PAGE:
Price £595.00 (For up to 15 delegates – No VAT)
Duration: 6 hours
Certification: Certificate of attendance
Suitable forBook Now
Understanding Behaviour exhibited by people with dementia is the ideal course for anyone who may be challenged by the behaviour of a person that they are supporting. Begin by exploring the concept of behaviour as just another way of communicating. When it’s difficult to communicate with words, people with dementia will use other methods to tell us what they need. We all use behaviour to communicate. Think about it. What are we communicating when we slam a door or burst into tears? Quite simply, we are communicating how we feel. No complicated words needed! People with dementia are no different to you and I. Everything we do communicates something. Understanding behaviour of a person with dementia has to be our main aim.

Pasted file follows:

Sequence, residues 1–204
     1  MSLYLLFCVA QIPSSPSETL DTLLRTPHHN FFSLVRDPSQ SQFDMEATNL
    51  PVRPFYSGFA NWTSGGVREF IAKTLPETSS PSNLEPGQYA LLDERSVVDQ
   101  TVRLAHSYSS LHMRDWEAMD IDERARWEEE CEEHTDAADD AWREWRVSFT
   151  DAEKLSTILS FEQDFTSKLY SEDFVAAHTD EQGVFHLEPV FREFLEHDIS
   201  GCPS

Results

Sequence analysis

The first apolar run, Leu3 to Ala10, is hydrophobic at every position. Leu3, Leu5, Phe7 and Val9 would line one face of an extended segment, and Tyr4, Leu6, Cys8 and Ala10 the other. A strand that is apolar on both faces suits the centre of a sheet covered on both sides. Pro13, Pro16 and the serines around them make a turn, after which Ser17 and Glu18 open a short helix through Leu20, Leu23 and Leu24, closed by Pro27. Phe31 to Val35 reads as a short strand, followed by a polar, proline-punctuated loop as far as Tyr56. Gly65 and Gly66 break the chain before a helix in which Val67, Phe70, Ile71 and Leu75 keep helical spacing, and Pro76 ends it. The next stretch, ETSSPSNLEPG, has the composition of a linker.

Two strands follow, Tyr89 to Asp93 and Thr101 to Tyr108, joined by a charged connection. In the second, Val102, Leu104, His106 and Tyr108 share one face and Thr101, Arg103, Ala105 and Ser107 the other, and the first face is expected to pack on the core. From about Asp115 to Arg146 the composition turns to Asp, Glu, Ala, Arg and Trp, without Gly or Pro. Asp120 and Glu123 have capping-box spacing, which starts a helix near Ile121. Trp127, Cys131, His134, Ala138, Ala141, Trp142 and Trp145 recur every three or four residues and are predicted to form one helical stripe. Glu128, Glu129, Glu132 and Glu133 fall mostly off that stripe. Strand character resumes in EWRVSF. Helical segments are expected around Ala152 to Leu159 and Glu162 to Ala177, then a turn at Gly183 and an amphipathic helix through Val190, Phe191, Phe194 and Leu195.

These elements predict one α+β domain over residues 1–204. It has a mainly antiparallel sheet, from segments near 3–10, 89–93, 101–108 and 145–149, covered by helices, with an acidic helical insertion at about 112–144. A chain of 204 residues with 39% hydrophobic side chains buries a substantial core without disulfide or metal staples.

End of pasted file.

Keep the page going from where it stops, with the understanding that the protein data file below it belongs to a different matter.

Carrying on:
Behaviours usually have a trigger. Some triggers are obvious but we are all very different. A clock ticking may drive me crazy but go completely unnoticed by you. So you’ll start by discovering what your own triggers are and how these effect your communication. After this we will go on to explore some of the common triggers for people with dementia. When you can recognise triggers, you just need to learn about how to remove them or de-escalate potential situations. This course will help you to do that. Examine a variety of tools that are designed to help you to understand behaviours and record them effectively.
By the end of the course, you will have gained the confidence to respond more effectively and create positive interventions.
On completion delegates will be able to:
- That behaviour is a form of communication
How to recognise the impact of environment on behaviour
Describe how knowledge of a person’s life history can assist in understanding behaviour
Recognise and remove or minimise potential triggers
What the attitude loop is and how it can affect interactions
How to use an observation of interactions tool
Use problem solving tools to understand behaviours
Communicate effectively with a person who is distressed